Russia sees the deployment of US tanks and other military vehicles, along with army personnel, as a threat to its national security and interests, Kremlin press secretary Dmitry Peskov said.
“We see this as a threat. These actions pose a threat to our interests and security,” Peskov told journalists on Thursday, stressing “especially, when a third country is beefing up its military presence along our borders with Europe.”
“And this is not even a European country,” he added.
Eighty-seven battle tanks, 144 Bradley fighting vehicles, and over 3,000 soldiers are on their way from Germany to Poland. An official ceremony to mark the arrival of the US servicemen was scheduled to take place on January 12.
The brigades are to be deployed mainly in the western part of Poland, but drills have been planned that are to be conducted across the whole country.
After the military exercises, the soldiers are to be distributed among Poland, Bulgaria, Romania, and the Baltic countries. A headquarters unit will be stationed in Germany.
The arrival of American military equipment and personnel in Poland is another step in Operation Atlantic Resolve, a large-scale military undertaking that the US launched in April of 2014, right after Crimea voted to join Russia, as a demonstration of “continued US commitment to the collective security of Europe.”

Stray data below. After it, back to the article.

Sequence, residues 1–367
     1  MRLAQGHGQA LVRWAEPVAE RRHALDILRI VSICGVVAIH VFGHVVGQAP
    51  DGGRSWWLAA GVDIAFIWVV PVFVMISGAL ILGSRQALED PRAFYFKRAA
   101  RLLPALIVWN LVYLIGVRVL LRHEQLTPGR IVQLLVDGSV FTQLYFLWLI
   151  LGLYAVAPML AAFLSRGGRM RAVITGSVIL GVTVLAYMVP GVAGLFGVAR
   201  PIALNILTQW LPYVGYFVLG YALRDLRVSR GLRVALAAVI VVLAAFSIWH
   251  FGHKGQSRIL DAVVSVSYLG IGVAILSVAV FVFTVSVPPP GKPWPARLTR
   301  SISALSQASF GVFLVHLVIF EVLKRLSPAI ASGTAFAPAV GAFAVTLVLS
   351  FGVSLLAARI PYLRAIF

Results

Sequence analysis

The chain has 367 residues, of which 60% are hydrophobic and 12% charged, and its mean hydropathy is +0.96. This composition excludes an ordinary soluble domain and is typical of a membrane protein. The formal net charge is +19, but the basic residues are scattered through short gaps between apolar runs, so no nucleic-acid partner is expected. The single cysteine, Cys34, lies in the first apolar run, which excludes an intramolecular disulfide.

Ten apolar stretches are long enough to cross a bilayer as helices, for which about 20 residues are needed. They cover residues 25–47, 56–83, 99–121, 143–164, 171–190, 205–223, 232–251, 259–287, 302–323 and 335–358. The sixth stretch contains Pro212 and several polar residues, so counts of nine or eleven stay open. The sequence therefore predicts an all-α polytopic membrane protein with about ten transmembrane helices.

NATO describes the buildup along Russia’s borders as a defensive measure justified by Moscow’s alleged involvement in the Ukrainian crisis.
Peskov stressed that “any country may and will take a buildup of foreign military presence along its borders negatively.”
“This is exactly how we take it,” Peskov said.
“Be it one thousand or ten thousand [soldiers], it’s all the same. That’s a buildup of military presence and I have nothing to add,” he concluded, after being asked whether the new US deployment presented a real threat or was simply annoying to Russia.
Russia has repeatedly called the bloc’s moves aggressive, while stressing that they are undermining security in Europe. In response, Moscow has been conducting large-scale military drills on its home soil and stationed its most modern weaponry and armaments on its western borders, including in the enclave region of Kaliningrad, which is between Poland and Lithuania not far from Western Europe.
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